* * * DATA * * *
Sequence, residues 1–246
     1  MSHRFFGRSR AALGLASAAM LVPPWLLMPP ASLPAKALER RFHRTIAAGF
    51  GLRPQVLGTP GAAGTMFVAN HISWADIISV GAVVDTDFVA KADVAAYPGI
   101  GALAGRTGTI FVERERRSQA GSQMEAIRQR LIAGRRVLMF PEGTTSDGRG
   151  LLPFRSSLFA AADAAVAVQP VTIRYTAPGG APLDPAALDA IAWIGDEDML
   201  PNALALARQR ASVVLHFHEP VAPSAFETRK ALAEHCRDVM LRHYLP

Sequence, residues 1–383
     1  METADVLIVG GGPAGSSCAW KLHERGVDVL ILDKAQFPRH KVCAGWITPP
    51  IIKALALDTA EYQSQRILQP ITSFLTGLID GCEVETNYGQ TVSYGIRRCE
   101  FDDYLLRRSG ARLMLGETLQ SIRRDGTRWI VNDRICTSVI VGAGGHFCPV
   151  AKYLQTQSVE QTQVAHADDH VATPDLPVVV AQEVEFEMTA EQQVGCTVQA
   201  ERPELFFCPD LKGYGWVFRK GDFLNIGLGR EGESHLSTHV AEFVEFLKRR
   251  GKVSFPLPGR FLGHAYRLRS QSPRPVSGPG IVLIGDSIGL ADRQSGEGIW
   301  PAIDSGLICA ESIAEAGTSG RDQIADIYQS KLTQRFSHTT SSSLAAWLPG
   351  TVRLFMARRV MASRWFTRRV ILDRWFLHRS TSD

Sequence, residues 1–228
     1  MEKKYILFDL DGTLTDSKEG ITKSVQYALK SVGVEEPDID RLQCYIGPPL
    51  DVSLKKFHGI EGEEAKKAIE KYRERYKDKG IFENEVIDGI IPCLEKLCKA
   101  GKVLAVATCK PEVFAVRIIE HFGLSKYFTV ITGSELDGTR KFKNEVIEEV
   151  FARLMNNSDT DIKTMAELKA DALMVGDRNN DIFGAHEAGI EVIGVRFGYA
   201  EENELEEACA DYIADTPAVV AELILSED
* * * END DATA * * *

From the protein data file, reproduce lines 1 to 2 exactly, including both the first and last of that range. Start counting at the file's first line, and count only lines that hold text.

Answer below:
Sequence, residues 1–246
     1  MSHRFFGRSR AALGLASAAM LVPPWLLMPP ASLPAKALER RFHRTIAAGF